'Special Dedication' is one of those classic jungle tunes that everyone knows. It opens with deep pulsing synths along with a sample of David Rodigan from the beginning of a clash with Waggy T at the Mahi Temple, Miami on the 6th February 1993:
"Tonight, you are going to hear music you never heard before. Tonight you are going to hear the most cantankerous, roughneck, poisonous dubplates you ever heard!"
Hear these words in their original context here, they appear at around 2:11. The exclamation is the cue for Think/Sesame Street drums and a wicked bassline to come in. The other vocal samples on the track all come from Fashion Records releases, with Top Cat and Frankie Paul being credited as featured artists on the 12" although it's Poison Chang whose vocals appear next, taken from the beginning of 'Over Yu Body'. Top Cat's opening lines from 'Gallist' are what the track is best remembered for though: ""Phenomenomenon one, Special dedication to all the woman...", with Nut Nut adding some soulful vocals from Frankie Paul's 'The Kissing Game' to complement them while spacey synths in the second half add further depth. As Rodgian would put it, a cantankerous and roughneck tune.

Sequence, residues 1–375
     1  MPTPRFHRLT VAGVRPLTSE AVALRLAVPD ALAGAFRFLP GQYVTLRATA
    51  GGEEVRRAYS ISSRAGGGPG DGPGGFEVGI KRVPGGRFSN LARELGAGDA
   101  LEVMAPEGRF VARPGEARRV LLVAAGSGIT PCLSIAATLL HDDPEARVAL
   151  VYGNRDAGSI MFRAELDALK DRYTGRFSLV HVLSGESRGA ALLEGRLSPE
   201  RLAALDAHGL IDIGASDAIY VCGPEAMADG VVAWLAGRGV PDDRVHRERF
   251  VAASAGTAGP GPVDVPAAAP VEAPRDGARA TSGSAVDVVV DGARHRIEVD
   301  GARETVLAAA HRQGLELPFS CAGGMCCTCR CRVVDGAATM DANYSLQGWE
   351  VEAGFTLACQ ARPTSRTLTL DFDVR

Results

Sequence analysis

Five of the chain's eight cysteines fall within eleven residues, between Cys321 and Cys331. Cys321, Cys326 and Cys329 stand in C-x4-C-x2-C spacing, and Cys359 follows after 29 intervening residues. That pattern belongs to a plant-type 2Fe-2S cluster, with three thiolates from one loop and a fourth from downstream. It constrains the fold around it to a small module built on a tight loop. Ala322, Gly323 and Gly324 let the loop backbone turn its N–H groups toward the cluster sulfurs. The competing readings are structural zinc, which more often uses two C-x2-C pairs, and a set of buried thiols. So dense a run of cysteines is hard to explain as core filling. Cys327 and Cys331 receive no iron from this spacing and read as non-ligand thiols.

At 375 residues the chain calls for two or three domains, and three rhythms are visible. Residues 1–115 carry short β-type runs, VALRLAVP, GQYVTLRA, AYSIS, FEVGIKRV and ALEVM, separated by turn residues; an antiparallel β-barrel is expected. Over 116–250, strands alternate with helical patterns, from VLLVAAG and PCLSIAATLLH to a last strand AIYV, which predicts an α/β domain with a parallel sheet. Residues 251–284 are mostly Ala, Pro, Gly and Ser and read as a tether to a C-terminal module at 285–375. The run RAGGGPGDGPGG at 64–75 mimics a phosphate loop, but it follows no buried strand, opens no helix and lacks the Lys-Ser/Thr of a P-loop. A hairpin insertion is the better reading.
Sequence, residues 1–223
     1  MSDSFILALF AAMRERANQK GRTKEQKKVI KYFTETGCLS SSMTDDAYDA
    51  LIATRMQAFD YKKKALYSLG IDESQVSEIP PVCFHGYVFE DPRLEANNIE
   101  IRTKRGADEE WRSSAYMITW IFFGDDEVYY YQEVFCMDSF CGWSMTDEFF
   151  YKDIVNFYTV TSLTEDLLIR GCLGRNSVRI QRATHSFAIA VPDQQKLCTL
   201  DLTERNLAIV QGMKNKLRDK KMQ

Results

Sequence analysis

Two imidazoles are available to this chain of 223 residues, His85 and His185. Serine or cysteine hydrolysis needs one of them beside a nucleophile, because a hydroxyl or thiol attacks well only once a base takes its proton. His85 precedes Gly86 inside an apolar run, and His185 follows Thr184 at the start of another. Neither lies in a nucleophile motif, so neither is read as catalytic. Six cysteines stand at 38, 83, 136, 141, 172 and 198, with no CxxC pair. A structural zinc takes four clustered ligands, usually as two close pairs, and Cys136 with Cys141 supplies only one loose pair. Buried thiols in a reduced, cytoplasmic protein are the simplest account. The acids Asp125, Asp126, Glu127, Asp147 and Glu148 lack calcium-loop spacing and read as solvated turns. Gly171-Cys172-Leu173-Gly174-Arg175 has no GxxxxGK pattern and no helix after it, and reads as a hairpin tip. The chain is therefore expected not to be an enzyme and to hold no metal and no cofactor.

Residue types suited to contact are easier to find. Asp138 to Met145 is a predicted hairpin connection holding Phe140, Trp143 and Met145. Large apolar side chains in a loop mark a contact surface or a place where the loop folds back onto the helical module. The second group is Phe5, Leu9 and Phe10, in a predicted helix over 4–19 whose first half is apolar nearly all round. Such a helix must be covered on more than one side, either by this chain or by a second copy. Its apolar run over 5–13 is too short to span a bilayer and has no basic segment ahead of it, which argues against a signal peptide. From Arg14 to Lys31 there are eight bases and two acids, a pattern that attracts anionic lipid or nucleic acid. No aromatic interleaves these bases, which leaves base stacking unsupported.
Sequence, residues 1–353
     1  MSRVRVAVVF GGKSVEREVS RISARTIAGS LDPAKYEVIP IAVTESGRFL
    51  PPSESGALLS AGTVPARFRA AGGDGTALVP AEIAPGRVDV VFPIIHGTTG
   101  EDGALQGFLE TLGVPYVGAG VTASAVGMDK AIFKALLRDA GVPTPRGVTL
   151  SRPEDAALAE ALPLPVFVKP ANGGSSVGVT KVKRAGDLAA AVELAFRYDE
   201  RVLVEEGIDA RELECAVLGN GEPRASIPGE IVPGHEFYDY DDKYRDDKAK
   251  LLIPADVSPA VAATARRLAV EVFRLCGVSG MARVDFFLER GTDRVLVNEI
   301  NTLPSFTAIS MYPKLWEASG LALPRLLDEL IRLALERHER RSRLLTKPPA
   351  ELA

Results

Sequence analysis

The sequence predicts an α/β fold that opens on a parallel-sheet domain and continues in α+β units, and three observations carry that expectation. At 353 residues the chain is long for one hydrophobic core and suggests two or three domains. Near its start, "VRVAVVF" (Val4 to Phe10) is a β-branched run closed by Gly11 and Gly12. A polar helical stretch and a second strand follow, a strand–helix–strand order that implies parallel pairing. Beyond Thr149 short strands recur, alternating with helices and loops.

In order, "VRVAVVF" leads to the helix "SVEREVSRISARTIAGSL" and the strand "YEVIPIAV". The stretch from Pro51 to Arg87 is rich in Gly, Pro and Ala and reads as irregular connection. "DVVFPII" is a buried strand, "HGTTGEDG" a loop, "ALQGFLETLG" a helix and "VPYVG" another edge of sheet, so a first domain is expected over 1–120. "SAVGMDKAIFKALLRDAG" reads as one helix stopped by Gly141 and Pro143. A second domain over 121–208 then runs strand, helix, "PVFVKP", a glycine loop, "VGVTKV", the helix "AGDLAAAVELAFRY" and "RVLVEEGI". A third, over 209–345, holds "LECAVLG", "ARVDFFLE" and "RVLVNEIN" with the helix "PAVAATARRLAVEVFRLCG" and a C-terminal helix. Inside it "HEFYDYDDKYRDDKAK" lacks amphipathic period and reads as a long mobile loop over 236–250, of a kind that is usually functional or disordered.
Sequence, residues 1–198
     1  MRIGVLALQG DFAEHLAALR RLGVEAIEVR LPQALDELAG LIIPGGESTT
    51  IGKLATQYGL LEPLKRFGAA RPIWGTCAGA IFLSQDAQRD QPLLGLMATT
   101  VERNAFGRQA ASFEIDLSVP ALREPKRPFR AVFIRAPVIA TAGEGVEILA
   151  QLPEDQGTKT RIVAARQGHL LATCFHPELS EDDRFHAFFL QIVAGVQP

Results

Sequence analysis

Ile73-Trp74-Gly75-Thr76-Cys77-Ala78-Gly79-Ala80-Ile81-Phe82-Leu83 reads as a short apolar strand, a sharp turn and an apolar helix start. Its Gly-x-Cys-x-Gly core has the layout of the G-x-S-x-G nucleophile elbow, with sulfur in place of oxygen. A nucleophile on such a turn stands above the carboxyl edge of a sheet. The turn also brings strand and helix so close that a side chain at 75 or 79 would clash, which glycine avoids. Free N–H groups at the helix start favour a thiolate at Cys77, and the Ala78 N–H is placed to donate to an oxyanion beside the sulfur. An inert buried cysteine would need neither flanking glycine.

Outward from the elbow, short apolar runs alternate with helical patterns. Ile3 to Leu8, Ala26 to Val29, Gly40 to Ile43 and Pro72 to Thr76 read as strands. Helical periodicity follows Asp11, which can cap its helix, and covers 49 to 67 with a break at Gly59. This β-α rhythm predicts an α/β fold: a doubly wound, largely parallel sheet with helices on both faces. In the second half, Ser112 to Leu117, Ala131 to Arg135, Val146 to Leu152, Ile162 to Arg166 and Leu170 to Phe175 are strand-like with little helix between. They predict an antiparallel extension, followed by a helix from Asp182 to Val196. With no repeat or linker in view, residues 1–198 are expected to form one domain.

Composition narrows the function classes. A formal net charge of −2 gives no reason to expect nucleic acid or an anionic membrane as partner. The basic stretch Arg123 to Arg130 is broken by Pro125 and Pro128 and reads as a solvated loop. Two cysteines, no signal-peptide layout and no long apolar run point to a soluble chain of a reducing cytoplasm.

Jungle Mania 2 included a VIP of 'Special Dedication' which used different Rodigan vocals from the Waggy T clash ("Okay, showtime now special request... You see tonight is going to be a night of musical pleasure") and replaced the Think/Sesame Street breaks with the Amen - check it out below. You can also get the original of 'Special Dedication' from Drum&BassArena and Beatport thanks to its inclusion on a recent Sigma remix. Head over to Hard Noyz where you can stream or download a rare tape recording of a DJ Nut Nut set on Sweet FM with Mad Ragga Jon and SLB from 1994.
Tuesday, 20 August 2013